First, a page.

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This works, but only for the currently focussed input. We want
something more: we want the invalid fields to be styled differ-
ently only after users have entered some content.
Because of these problems, Firefox uses an alternative pseudo-
class called -moz-ui-invalid which provides a much better
user experience, as the Mozilla Developer Center describes:
“If the control is valid when the user starts interacting with it,
the validity styling is changed only when the user shifts focus
to another control. However, if the user is trying to correct a
previously flagged value, the control shows immediately when
the value becomes valid. Required items have the pseudo-class
applied only if the user changes them or attempts to submit
an unchanged valid value.”
Other pseudo-classes available include :in-range and :out-of-
range and :indeterminate (the latter would apply to a number
input with min/max that is currently empty).
While we wait for a fully specified, properly sanctioned way of
consistently styling all the other things in all browsers, there are
a few vendor-specific tweaks and tricks that can be used. We've
already seen Mozilla's ui-invalid , for example. WebKit offers us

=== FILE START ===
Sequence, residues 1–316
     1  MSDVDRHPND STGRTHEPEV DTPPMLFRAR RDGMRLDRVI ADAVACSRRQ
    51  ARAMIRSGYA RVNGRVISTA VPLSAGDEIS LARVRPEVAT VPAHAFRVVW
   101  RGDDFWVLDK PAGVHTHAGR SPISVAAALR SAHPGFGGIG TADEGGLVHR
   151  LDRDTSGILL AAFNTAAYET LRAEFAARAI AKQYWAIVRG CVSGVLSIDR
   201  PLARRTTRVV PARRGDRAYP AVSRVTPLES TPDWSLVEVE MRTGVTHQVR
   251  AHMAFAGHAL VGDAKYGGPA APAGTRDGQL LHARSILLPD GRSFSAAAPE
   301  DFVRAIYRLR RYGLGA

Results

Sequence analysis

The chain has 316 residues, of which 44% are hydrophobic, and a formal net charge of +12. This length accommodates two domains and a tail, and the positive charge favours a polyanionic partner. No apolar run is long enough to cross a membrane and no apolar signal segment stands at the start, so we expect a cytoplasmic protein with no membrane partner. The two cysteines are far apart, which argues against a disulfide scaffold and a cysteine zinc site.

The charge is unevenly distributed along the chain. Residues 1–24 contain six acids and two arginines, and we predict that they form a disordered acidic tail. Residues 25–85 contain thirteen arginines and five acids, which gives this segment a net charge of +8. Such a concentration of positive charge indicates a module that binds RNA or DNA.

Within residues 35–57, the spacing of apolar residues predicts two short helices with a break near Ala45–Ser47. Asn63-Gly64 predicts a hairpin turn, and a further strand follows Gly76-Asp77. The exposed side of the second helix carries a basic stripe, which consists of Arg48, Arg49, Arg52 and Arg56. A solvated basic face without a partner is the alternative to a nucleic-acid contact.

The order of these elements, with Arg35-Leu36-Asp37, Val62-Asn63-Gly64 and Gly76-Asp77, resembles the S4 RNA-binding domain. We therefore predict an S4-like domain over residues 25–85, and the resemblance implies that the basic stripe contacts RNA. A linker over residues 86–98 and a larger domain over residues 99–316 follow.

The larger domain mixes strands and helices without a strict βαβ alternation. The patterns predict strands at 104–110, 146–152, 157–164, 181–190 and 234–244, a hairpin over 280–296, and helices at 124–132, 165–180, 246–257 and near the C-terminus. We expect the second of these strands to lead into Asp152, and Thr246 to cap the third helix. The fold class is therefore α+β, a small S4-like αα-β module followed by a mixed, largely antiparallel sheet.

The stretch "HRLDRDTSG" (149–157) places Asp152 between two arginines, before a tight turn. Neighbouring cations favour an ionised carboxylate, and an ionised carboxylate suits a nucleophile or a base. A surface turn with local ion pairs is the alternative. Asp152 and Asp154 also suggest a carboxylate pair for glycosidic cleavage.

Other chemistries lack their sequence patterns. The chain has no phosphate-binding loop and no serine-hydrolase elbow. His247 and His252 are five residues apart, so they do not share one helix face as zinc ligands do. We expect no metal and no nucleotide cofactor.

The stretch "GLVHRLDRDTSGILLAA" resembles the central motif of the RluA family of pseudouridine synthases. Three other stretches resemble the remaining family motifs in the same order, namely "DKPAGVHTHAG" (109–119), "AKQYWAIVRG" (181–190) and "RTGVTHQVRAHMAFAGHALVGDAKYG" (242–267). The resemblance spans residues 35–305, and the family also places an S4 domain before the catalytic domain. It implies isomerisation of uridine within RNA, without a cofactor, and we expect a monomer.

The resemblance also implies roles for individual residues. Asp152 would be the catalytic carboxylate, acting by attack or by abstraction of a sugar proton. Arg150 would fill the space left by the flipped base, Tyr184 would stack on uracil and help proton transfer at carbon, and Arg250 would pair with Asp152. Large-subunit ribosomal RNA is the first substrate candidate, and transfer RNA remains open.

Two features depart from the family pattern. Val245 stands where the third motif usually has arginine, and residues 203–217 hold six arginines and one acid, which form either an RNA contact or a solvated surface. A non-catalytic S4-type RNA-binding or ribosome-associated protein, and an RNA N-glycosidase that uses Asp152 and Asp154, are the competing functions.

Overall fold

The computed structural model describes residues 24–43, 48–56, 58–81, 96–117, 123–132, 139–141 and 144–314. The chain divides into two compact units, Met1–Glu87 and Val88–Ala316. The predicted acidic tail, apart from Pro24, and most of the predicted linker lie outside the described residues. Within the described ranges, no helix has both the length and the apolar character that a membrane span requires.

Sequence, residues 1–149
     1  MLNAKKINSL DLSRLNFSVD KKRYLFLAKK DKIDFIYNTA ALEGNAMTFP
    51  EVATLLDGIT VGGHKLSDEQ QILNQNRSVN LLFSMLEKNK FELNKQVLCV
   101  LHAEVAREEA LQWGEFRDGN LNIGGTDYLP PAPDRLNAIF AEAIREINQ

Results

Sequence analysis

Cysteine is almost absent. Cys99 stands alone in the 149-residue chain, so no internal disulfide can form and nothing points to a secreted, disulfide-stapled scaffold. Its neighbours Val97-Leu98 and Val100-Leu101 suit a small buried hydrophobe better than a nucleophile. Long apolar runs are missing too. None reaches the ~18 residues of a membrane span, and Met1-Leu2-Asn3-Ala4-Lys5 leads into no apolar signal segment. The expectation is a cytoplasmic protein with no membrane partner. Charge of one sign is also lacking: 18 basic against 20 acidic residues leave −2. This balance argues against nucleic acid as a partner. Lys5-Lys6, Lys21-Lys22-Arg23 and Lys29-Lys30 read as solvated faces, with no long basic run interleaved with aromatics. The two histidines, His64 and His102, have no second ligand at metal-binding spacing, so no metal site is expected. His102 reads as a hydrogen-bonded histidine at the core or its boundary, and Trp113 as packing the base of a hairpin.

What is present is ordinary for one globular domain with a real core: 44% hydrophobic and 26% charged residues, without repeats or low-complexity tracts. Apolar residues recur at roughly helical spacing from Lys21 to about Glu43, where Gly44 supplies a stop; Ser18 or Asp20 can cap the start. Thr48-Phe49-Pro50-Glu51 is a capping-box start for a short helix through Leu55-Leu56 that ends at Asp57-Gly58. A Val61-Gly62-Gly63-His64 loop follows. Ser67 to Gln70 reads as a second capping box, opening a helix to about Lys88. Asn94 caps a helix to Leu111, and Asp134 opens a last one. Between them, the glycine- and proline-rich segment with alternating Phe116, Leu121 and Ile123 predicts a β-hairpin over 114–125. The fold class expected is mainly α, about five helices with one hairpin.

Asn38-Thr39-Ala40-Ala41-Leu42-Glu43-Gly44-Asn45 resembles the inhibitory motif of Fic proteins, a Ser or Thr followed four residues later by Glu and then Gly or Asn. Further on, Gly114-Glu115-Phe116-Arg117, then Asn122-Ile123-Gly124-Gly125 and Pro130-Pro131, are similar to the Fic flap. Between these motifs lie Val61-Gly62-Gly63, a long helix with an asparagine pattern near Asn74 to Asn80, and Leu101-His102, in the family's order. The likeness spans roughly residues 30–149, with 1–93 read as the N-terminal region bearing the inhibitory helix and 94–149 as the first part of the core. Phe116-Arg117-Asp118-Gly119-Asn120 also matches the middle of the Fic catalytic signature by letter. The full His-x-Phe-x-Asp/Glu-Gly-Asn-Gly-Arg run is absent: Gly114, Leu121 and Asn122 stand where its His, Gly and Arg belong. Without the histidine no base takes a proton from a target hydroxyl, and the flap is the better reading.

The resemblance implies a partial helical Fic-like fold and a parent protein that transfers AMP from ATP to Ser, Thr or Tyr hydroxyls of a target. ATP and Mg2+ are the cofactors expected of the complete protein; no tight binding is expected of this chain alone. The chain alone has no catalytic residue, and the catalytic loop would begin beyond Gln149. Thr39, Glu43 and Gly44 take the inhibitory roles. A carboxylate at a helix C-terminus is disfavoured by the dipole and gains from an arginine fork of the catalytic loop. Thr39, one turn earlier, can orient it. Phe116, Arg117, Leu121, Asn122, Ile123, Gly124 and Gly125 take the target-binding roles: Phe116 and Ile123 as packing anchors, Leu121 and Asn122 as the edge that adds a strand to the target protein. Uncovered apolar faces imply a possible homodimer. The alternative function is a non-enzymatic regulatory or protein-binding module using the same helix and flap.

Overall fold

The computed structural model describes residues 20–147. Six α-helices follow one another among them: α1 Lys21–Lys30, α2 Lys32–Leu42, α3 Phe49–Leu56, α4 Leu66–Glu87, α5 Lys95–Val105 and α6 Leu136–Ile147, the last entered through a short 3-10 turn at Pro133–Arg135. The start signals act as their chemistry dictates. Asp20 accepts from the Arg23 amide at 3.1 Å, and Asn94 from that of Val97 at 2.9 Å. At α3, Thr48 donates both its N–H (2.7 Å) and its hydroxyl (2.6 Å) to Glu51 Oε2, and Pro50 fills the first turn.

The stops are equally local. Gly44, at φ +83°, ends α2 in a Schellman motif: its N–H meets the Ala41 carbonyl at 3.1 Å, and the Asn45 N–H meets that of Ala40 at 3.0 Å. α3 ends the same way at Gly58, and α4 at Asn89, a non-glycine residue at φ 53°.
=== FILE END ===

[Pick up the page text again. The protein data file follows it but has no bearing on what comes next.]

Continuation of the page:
ways in which to style the validation error message bubbles (see
Figure 3.2):
Currently, there aren't many cross-browser methods of chang-
ing the look and feel of HTML forms. This isn't necessarily a
bad thing. Your branding people will, of course, lament that
placeholder text isn't in corporate purple and orange. But it's a
usability and accessibility win; although it's tempting to style the
stuffing out of your form fields, whatever your branding people
say, it's better to leave forms as close to the browser defaults as
possible. A browser's slider and date pickers will be the same
across different sites, making it much more comprehensible to
users. It's much better that a date picker on site X looks and
behaves the same as a date picker on site Y or site Z.
And, by using native controls rather than faking sliders and date
pickers with JavaScript, your forms are much more likely to be
accessible to users of assistive technology.
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